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Nicaragua’s President Accuses Costa Rica of Trying to Steal Río San Juan

November 2, 2010

Accusing Costa Rica, a country without an army, of “bellicosely threatening Nicaragua ” with “elite troops” dressed like “Rambo,” President Daniel Ortega said his government plans to appeal the border dispute over the San Juan River back to the International Court of Justice at The Hague.

Ortega’s comments, made Tuesday night at his compound in Managua, came in response to Costa Rica’s appeal Tuesday morning to the Organization of American States (OAS) to intervene in the case of Nicaragua’s dredging of the San Juan River – an operation that Costa Rica claims has intruded into its territory.

The situation has become heated in the past few days, leading to a virtual standoff between the Nicaraguan Army and Costa Rican police – both of which accuse the other of being on their territory.

Ortega claims Costa Rica is pretending to be confused about where the real border lays in an attempt to mask its “expansionist” intentions of appropriating the river, as he claims Costa Rica did 185 years ago to the northern Pacific regions of Guanacaste and Nicoya, which used to belong to Nicaragua.

The Nicaraguan president said Costa Rica has “been resistant” to demarcating the border along the San Juan River with landmarks, because this would “end their hope” of someday stealing the river from Nicaragua.

“Who has any doubt that it’s part of the geopolitical vision of Costa Rica to claim ownership of the San Juan River?” Ortega demanded.

Ortega said the Costa Rica border has been steadily encroaching northward for hundreds of years, as the San Juan River delta slowly dries out. However, he said, even though the historic river mouth has dried, it is still Nicaraguan territory.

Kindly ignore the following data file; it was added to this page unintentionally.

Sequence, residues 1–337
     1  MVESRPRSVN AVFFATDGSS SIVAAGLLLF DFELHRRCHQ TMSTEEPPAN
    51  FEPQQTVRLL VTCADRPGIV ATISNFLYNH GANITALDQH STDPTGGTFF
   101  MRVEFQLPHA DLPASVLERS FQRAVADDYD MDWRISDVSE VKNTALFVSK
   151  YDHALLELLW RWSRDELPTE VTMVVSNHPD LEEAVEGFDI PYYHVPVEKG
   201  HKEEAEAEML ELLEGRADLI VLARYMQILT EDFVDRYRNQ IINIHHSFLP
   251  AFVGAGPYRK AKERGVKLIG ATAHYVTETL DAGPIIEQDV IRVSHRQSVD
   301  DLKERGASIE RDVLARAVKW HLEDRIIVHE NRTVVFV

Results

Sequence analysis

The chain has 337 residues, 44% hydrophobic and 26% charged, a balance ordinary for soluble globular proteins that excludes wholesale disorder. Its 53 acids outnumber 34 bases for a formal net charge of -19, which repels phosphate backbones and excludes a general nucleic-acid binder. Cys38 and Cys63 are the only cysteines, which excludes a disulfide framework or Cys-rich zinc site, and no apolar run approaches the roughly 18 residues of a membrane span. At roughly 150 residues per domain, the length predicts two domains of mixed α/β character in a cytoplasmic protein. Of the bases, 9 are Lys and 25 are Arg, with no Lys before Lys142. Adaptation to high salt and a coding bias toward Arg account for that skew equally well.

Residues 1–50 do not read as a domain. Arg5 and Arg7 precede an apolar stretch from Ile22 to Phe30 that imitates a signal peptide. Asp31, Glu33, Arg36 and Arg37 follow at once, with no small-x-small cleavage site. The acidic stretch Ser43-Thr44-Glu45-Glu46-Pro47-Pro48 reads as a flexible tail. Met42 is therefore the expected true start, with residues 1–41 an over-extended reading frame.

“In the 1600s and 1700s, the river covered an enormous amount of territory at its delta,” Ortega said. “And as the zone has dried, the river has moved and (Costa Rica) has continued to advance and take possession of terrain that doesn’t belong to it. The way things are going, if the San Juan River continues to move north and join with the Río Grande of Matagalpa (in the northern zone), that’s how far (Costa Rica) would claim its territory extended.”

Ortega stressed that according to the July 2009 resolution from the International Court of Justice at The Hague, Nicaragua has the right to recuperate the historic delta of the San Juan River that existed more than 150 years ago.

“Nicaragua has the right to dredge the San Juan River to recover the flow of waters that existed in 1858, even if that affects the flow of water of other current recipients, such as the Colorado River,” Ortega said, reading from last year’s resolution for The Hague.

Ortega added that Costa Rica cannot impede such an operation in Nicaraguan territory.

To avoid confrontation, Ortega said The Hague should have the last word on the matter, because it already has all the information about the border conflict and its resolution from last year is “still fresh.” The OAS, on the other hand, is not informed about the border issue and has nothing relevant to say on the matter, Ortega said.

In calling on the International Court of Justice to mediate the issue, Ortega said that the border between Nicaragua and Costa Rica along the San Juan River needs to be marked once and for all to avoid bloodshed and conflicts in the future. He insisted that this will “not be provoked” by Costa Rican forces.

“We don’t want the blood of brothers to spill,” Ortega said.

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